“Drive My Car” (2021): Turbocharged Metaphor


An actor/director is assigned a young woman to drive his Saab 900 Turbo around and about during a film festival. We shall come to find that this luxury automobile is metamorphic. A device symbolizing the drive to shake the past and propel forward.

Adapted from Haruki Murakami’s short story, Ryusuke Hamaguchi’s Drive My Car is a haunting road movie traveling a path of love, loss, acceptance, and peace. Winner of three prizes at the 2021 Cannes Film Festival, including Best Screenplay.

The Good

Hidetoshi Nishijima and Toko Miura are, individually and in tandem, superb in their respective roles, teaching and drawing from each other that which will sustain them both.

The Bad

I get the epic, life-changing drama thing and all. But at three hours “Drive My Car” is simply too long a trip. Though, to be fair, I’ve seen flicks of far less duration that dragged one whole helluva lot more than this one does at times.

And so it begins…

Sadness in a Saab

Both of these people are damaged goods emotionally. He, having recently and suddenly lost his wife. She, having experienced the death of her mother as a child. Neither of these relationships were ideal. Still, on a human connection level, each feels a profound sense of guilt and culpability for the passing of their family member.

Over the course of “Drive My Car” these two randomly paired souls slowly let down their guard, revealing deeply personal inner secrets and struggles.

You can choose to let go and power ahead……or not

There are those among us who wish us to feel guilt. Now. And forever.

For something we had no part in. And never will.

It is about moving forward. Not being stuck in the past.

Changing. For the better. Then becoming ever more so.

Such is the press forward no matter how damn hard it is premise of “Drive My Car”.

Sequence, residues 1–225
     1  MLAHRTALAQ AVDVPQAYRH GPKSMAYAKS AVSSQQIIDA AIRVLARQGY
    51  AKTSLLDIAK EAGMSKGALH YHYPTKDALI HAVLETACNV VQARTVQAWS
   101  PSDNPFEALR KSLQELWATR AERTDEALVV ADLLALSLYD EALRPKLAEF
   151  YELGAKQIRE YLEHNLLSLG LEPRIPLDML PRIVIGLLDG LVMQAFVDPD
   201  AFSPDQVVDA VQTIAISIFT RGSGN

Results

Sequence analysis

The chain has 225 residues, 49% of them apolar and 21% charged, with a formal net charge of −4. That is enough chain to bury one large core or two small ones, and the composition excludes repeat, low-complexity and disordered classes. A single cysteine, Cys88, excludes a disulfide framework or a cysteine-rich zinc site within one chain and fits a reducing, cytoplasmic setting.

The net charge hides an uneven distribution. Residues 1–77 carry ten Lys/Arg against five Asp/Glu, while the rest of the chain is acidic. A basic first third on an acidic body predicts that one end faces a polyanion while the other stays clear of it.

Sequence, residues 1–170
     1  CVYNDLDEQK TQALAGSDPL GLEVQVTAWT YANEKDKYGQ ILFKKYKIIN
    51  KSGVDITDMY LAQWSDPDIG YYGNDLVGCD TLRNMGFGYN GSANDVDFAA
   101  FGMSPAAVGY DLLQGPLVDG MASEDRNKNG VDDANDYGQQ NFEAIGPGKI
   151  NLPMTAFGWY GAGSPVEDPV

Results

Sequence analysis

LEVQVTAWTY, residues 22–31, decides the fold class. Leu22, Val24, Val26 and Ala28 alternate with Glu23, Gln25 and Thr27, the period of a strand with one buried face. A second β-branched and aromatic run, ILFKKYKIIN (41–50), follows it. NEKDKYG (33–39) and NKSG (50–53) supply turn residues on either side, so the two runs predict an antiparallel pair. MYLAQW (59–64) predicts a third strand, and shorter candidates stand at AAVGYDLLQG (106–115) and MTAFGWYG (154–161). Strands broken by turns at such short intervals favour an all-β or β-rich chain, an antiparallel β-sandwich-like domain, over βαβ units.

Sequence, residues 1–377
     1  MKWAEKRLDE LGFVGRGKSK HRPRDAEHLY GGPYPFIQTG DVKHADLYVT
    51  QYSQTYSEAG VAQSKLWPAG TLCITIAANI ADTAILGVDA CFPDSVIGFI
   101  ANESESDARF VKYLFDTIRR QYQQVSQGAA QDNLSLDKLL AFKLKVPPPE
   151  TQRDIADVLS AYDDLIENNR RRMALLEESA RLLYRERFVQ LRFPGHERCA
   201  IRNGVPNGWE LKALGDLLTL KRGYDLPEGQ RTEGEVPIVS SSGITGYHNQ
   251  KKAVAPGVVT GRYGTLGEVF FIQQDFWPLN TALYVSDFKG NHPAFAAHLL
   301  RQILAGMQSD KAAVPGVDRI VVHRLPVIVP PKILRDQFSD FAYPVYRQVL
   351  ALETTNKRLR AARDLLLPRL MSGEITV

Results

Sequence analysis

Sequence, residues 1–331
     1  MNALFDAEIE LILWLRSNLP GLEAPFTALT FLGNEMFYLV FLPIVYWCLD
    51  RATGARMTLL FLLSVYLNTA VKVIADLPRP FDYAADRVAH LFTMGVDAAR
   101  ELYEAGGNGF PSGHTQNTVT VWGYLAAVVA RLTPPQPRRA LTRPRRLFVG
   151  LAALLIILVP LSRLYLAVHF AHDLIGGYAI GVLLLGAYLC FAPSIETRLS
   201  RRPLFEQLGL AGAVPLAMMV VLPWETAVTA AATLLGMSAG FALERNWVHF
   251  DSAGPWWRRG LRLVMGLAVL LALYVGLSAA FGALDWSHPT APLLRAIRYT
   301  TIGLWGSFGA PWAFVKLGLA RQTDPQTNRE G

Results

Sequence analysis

In a riveting climatic scene among cold and snow, we learn what most of us have known all along. We must forgive ourselves for the sins of the past. Find our own peace. And carry on.

Stronger. Wiser. Happier.

And that when the time comes at last for reconciliation with the Almighty, we must confess. Openly. Honestly. With humility absolute.

Only then can we receive ultimate forgiveness. And the glorious gift of eternal reunification with loved ones who have passed before. No matter how they may have been lost to us.

And, as we are reassured in the final moments of “Drive My Car”…

a dog as your trusty co-pilot can sure help a lot, too.

I invite you to enjoy all of my entertaining and eclectic film reviews as “The Quick Flick Critic”, continually updated at https://thequickflickcritic.blogspot.com/

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“Drive My Car” (2021): Turbocharged Metaphor
  • Acting - 7.75/10
  • Cinematography/Visual Effects - 7/10
  • Plot/Screenplay - 7.25/10
  • Setting/Theme - 7.5/10
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“Drive My Car” (2021): Turbocharged Metaphor

There are those among us who wish us to feel guilt. Now. And forever.

For something we had no part in. And never will.

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About John Smistad

I am a voracious writer of Movie Reviews. Check 'em out at my Blog, "The Quick Flick Critic", @: The Quick Flick Critic Thanks guys! John

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